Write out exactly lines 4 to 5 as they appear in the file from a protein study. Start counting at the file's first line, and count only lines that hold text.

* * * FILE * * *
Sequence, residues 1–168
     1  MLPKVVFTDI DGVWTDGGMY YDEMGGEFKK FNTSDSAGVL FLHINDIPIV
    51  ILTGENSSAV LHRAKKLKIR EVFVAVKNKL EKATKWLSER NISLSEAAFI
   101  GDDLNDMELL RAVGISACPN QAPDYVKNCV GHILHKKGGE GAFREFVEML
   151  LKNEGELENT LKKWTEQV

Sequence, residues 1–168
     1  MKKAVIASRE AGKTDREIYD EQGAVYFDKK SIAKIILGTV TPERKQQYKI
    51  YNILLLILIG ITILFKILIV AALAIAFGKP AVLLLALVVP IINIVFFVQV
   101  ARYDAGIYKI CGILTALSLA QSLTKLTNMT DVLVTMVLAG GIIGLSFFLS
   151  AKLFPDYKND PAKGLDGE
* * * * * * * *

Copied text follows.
   101  GDDLNDMELL RAVGISACPN QAPDYVKNCV GHILHKKGGE GAFREFVEML
   151  LKNEGELENT LKKWTEQV